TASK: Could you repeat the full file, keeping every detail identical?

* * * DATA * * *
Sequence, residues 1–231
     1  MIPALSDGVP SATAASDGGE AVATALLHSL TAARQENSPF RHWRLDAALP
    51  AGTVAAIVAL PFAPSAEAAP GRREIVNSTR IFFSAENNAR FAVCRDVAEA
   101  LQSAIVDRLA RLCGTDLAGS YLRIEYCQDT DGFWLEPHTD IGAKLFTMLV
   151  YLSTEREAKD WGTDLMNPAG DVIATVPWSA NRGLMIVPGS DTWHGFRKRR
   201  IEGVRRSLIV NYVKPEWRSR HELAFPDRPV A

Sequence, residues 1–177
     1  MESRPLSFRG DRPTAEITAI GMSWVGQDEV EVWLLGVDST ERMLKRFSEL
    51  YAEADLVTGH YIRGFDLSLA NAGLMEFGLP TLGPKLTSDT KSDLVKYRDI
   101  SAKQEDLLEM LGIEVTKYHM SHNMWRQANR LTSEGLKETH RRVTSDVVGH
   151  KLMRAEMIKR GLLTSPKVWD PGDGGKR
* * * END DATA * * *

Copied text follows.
Sequence, residues 1–231
     1  MIPALSDGVP SATAASDGGE AVATALLHSL TAARQENSPF RHWRLDAALP
    51  AGTVAAIVAL PFAPSAEAAP GRREIVNSTR IFFSAENNAR FAVCRDVAEA
   101  LQSAIVDRLA RLCGTDLAGS YLRIEYCQDT DGFWLEPHTD IGAKLFTMLV
   151  YLSTEREAKD WGTDLMNPAG DVIATVPWSA NRGLMIVPGS DTWHGFRKRR
   201  IEGVRRSLIV NYVKPEWRSR HELAFPDRPV A

Sequence, residues 1–177
     1  MESRPLSFRG DRPTAEITAI GMSWVGQDEV EVWLLGVDST ERMLKRFSEL
    51  YAEADLVTGH YIRGFDLSLA NAGLMEFGLP TLGPKLTSDT KSDLVKYRDI
   101  SAKQEDLLEM LGIEVTKYHM SHNMWRQANR LTSEGLKETH RRVTSDVVGH
   151  KLMRAEMIKR GLLTSPKVWD PGDGGKR